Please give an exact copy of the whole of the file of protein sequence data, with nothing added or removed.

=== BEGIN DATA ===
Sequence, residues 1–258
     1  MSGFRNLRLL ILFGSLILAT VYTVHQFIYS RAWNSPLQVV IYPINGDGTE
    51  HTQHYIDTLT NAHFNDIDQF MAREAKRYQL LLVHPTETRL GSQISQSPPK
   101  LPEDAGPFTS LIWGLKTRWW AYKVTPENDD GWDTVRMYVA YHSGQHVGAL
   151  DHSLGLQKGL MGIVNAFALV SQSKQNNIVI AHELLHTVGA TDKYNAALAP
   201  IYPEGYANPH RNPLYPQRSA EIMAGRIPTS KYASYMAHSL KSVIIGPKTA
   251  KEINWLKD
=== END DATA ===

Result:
Sequence, residues 1–258
     1  MSGFRNLRLL ILFGSLILAT VYTVHQFIYS RAWNSPLQVV IYPINGDGTE
    51  HTQHYIDTLT NAHFNDIDQF MAREAKRYQL LLVHPTETRL GSQISQSPPK
   101  LPEDAGPFTS LIWGLKTRWW AYKVTPENDD GWDTVRMYVA YHSGQHVGAL
   151  DHSLGLQKGL MGIVNAFALV SQSKQNNIVI AHELLHTVGA TDKYNAALAP
   201  IYPEGYANPH RNPLYPQRSA EIMAGRIPTS KYASYMAHSL KSVIIGPKTA
   251  KEINWLKD